What will Detroit look like tomorrow? In 10 years? Or even 50?
After more than two years of mapping, scheming, surveying and re-imagining, not to mention 30,000 conversations with residents, the Detroit Works Project Long Term Planning will unveil a city-wide framework for change and development on Wednesday morning.
This book-long body of work, and the very different city that its recommendations could shape, even comes with its own new name: Detroit Future City.
Imagine a Detroit where empty warehouses become "Live-Make" districts; hackerspace neighborhoods zoned for artisans and creatives to live in the same spaces where they create. Or a neighborhood where vacant land has been cultivated into a protected woodlands area favored by hikers. Think of a Motor City where homeowners took light rail trains or high-speed buses to work every day.
Organizers, led by NYC-based project manager Toni Griffin, are careful not to call Detroit Future City a "master plan" -- Detroit already has one of those -- but a collective resource for businesses, philanthropists, community groups and city agencies alike to consult about services and resources. It plots a rough course to re-envision and transform Detroit over the next 50 years. Local voices involved included Professor Dan Pitera of University of Detroit-Mercy, Melissa Dittmer of RogueHAA and Dan Kinkead, an architect with Hamilton Anderson Associates.
It also walks a careful path around one controversial idea proposed by Mayor Dave Bing and others in 2010. At the time, the city's mayor called for downsizing Detroit into seven to nine different population centers. As much as 45 square miles of the city, or one third of Detroit's total land, would be basically shut down, with city services cut off for any residents who remained. Planners have seemingly chosen efficiency over prodding an eminent domain fight not seen in Detroit since Poletown. The team's strategists presented ideas to continue offering city services to smaller groups of residents. They also made clear that growing newly-defined neighborhoods and residential zones were long-term, organic efforts.
"It's about creating a place for all Detroiters," said Patera at a briefing for media held on Tuesday. "It understands the assets we have, and understands the past, to create an innovative future."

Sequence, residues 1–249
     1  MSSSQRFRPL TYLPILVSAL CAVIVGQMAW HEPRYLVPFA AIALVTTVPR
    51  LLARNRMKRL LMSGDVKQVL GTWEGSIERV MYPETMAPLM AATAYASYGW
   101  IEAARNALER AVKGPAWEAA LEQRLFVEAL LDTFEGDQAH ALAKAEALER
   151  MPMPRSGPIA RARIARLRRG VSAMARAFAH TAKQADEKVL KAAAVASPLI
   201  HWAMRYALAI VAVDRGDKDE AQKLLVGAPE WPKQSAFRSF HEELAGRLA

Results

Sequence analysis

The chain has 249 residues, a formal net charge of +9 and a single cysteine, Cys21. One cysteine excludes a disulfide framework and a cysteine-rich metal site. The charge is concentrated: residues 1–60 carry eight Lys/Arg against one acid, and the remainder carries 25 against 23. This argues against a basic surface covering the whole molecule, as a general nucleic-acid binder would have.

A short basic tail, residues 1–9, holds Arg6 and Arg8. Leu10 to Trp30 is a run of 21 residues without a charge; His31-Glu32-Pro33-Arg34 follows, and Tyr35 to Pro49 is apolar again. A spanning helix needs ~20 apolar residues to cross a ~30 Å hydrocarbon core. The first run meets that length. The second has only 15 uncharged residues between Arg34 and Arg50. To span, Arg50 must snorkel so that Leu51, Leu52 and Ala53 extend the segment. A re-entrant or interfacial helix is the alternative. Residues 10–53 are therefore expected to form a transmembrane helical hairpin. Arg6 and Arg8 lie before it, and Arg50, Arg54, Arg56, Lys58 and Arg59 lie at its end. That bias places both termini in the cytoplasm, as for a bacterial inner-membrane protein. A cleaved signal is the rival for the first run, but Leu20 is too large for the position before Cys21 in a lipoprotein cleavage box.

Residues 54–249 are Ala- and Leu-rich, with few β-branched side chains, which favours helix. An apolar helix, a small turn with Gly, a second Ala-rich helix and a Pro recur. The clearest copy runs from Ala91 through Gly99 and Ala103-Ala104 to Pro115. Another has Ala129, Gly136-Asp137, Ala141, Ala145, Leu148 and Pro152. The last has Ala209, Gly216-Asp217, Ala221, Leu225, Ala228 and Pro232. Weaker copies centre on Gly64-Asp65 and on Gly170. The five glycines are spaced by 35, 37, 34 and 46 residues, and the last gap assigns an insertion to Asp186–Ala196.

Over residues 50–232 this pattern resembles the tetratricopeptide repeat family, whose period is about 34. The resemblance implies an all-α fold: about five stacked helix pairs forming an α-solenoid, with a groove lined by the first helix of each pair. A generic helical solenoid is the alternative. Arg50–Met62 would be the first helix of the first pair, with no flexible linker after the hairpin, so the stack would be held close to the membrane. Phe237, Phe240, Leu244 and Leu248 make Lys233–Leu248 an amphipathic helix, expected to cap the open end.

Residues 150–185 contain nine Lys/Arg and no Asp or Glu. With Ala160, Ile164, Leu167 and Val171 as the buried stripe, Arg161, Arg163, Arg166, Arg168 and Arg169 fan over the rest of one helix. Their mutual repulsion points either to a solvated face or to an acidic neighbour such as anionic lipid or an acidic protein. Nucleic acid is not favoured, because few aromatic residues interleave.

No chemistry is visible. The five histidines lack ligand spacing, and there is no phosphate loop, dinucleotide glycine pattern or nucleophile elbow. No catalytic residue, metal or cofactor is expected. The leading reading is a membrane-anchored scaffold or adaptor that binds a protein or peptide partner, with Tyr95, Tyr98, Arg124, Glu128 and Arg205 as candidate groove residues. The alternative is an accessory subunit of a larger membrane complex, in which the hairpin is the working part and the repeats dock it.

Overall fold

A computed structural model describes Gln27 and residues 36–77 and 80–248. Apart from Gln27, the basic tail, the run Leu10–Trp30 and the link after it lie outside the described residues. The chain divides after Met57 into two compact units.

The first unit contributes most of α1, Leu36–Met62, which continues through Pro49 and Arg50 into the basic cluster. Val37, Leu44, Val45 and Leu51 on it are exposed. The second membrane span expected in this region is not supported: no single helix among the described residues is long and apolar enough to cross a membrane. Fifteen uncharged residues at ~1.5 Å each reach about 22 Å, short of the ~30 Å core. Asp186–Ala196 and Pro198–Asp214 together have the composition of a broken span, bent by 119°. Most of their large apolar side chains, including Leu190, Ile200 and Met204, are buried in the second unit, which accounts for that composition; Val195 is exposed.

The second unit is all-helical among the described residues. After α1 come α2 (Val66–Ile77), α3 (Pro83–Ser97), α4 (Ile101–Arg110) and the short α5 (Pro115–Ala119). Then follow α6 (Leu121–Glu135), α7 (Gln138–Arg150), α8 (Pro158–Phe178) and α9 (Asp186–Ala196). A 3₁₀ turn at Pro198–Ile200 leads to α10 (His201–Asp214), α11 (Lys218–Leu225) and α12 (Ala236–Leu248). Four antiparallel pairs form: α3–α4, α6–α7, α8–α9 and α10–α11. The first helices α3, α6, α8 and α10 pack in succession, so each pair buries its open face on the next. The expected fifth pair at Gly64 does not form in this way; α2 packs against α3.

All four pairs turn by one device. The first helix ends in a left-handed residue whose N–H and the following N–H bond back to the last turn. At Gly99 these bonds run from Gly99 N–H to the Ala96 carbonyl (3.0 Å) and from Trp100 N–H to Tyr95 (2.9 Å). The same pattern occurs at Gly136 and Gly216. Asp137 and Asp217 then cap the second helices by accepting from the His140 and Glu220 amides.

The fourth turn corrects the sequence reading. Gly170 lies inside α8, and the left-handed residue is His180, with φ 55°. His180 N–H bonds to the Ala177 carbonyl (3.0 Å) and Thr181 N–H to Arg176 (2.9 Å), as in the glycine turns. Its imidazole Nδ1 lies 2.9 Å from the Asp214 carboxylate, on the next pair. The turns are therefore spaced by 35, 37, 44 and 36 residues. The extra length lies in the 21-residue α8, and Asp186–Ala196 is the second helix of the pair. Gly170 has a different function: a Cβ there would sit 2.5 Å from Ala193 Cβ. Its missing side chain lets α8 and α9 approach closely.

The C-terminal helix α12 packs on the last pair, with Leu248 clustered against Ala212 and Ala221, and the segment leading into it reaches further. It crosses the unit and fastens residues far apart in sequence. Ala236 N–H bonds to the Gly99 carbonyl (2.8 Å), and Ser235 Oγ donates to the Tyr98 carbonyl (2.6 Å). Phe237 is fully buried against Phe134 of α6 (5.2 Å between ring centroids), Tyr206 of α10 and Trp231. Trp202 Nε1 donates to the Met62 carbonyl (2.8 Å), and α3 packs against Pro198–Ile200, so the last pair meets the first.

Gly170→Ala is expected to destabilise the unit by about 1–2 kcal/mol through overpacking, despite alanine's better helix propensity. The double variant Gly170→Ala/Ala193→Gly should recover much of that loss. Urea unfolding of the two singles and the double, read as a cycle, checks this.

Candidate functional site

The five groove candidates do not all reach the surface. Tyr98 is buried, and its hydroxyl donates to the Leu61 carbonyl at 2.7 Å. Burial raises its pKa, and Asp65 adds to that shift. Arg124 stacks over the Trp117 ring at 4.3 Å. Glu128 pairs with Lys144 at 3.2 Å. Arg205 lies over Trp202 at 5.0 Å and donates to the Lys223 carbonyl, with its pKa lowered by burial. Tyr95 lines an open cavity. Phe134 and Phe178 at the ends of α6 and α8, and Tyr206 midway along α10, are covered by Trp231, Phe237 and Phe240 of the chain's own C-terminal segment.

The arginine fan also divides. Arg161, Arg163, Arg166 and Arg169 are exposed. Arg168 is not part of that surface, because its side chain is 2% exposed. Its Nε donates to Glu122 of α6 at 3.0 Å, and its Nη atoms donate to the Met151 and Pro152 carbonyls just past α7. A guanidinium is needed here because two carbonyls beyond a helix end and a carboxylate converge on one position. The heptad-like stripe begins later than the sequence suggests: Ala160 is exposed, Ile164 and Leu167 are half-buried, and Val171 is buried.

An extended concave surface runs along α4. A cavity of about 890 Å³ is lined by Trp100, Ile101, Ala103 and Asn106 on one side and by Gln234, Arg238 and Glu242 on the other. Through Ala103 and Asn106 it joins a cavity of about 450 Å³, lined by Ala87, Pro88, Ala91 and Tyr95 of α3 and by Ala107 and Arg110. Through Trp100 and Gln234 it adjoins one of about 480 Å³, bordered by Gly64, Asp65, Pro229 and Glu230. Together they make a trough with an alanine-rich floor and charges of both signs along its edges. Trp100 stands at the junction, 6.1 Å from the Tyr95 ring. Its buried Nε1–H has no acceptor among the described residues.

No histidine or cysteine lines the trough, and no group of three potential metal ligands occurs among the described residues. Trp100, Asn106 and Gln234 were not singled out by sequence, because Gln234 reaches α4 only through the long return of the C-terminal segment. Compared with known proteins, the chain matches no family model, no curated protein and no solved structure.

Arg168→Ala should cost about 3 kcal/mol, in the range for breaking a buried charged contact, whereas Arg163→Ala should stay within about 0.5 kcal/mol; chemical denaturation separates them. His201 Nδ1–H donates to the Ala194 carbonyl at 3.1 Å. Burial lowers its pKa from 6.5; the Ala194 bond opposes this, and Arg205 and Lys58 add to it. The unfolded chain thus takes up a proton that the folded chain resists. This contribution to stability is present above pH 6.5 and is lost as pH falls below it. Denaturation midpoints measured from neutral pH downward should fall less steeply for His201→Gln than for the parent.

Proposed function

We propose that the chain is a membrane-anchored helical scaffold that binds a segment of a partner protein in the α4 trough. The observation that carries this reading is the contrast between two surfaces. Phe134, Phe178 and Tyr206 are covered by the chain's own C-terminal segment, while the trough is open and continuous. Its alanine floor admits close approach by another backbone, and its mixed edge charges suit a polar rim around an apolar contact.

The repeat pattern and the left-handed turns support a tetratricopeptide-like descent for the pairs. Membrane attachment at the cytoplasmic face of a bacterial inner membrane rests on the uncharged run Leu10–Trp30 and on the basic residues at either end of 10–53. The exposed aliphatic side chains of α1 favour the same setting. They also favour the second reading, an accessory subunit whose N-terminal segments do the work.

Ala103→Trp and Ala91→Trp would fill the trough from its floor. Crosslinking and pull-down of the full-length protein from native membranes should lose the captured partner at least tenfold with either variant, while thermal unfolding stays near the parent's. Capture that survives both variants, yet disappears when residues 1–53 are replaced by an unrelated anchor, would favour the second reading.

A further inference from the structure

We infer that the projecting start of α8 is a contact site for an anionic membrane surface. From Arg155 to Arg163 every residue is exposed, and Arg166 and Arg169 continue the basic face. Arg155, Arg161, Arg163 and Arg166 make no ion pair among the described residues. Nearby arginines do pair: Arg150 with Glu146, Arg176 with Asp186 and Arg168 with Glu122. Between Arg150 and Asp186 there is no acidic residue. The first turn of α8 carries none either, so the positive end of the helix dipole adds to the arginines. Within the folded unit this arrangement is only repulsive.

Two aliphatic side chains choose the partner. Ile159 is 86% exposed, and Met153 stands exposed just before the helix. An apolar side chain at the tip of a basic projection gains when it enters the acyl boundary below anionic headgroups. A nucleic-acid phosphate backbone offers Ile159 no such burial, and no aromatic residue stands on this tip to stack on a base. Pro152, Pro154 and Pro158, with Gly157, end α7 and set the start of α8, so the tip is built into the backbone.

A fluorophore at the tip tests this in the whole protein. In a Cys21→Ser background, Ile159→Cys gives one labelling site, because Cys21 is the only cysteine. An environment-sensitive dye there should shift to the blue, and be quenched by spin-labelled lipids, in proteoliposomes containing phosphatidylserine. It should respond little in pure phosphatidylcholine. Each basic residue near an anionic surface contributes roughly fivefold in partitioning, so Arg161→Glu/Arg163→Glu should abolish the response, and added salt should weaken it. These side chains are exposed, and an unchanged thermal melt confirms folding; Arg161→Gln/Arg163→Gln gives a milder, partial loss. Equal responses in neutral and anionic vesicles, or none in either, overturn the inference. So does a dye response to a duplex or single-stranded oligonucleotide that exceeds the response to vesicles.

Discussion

While Future City does sketch out parts of the city that could eventually be rezoned as "innovation ecological" areas or carbon forests, with an emphasis on creating regionally competitive neighborhoods, there seems to be no motivation to create nine identical Midtowns throughout Detroit. The plan calls for strengthening traditional residential tracts in some sections of the city, particularly Detroit's Northwest Side. Future City also imagines "green neighborhoods" of multi-family apartment properties with more parks and open space, and calls for local arts to be integrated into Detroit's comprehensive master plan. New ponds, dubbed "blue infrastructure," could collect rainwater and runoff, giving the city's overtaxed sewage system a break.
The Future City plan is more than just a thesis on land use. The economic growth section of the framework suggests strategies that leaders hope will create equitable business development in the city and support minority business owners. Creating opportunities for work inside the city limits for residents, as well as reliable transit options for those without cars, was one major tenet. Economic sector leaders say that local business-to-business sales and services could create as many as 10,0000 new jobs, while continuing efforts to attract education, medical, tech and manufacturing jobs within the city limits. About half the city's employment is currently located on 15 percent of the city's land, Griffin said. Bolstering these "natural economic corridors" would help create urban density, make it easier to target transportation spending to high-traffic areas and raise the overall value of land in the city. Neighborhoods like Corktown, McNichols, Southwest Detroit and Midtown were among those districts cited for their economic potential.
"There are places that are probably more ripe for investment and development and we need to focus in on those and get business and business activity growing there," Griffin said at a press briefing on Tuesday.
All told, the plan is highly detailed, organized around the six sectors of economic growth, land use, city systems, neighborhood revitalization, physical assets and civic engagement. Planners say the ideas could be accommodated even if the city loses another seventh of its population, though population stabilization is their first major goal. Milestones for progress are charted for the next five years, at 2020, 2030 and an ultimately transformed Detroit that's visualized in the year 2050.
That Detroit isn't right-sized, just readjusted. Within those city limits lies room enough for organic farms and high-tech firms alike, brand-new developments and historic single-family homes and the infrastructure to support a 21st century city. As the city navigates through persistent budget shortfalls and an uncertain financial future, that future Detroit seemed a long ways away.
But organizers said they are confident that change will begin as early as Wednesday's press conference, where the project's complete framework will be unveiled to the public. They're hoping that major stakeholders like public officials, nonprofit leaders, corporations and universities will all adapt the framework as they plot their future plans for growth and investment.
And, if nothing else, they were absolutely certain that, as civic discourse continues to allow Detroiters a say in ensuring the future of their city, this framework will bend and adapt to reflect those voices.
"We hope there are better solutions out there," Griffin said.
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